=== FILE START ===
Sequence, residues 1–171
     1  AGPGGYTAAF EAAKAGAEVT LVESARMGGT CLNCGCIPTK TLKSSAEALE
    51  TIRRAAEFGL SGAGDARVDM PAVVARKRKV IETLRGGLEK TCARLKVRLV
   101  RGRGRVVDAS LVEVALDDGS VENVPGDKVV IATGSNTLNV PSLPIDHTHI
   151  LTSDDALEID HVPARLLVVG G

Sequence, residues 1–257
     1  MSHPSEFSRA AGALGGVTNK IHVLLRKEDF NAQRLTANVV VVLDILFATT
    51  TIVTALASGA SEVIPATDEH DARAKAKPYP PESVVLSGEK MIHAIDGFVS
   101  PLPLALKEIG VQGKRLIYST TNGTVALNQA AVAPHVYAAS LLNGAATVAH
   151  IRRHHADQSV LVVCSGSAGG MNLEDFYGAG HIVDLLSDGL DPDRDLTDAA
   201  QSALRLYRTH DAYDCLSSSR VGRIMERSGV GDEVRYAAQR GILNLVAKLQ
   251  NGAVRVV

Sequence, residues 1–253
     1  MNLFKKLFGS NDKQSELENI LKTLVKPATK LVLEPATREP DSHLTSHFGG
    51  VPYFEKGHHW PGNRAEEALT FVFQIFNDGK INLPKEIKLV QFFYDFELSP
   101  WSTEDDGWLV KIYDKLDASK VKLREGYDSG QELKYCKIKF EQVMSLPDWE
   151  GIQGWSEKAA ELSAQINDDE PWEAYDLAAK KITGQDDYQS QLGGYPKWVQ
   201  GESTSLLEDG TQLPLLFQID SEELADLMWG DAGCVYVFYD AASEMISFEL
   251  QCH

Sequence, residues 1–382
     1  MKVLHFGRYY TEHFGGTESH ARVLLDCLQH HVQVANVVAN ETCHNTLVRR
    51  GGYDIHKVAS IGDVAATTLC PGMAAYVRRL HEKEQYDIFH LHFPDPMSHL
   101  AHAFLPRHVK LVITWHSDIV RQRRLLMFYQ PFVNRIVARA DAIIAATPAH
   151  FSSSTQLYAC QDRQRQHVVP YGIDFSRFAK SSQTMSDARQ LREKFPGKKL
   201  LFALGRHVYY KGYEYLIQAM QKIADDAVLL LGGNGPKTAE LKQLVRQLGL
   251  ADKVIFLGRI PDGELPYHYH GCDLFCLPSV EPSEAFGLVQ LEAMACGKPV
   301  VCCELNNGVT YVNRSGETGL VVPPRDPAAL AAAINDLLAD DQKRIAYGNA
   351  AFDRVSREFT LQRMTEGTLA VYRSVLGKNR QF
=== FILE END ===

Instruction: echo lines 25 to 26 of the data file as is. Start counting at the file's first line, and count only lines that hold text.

   201  LFALGRHVYY KGYEYLIQAM QKIADDAVLL LGGNGPKTAE LKQLVRQLGL
   251  ADKVIFLGRI PDGELPYHYH GCDLFCLPSV EPSEAFGLVQ LEAMACGKPV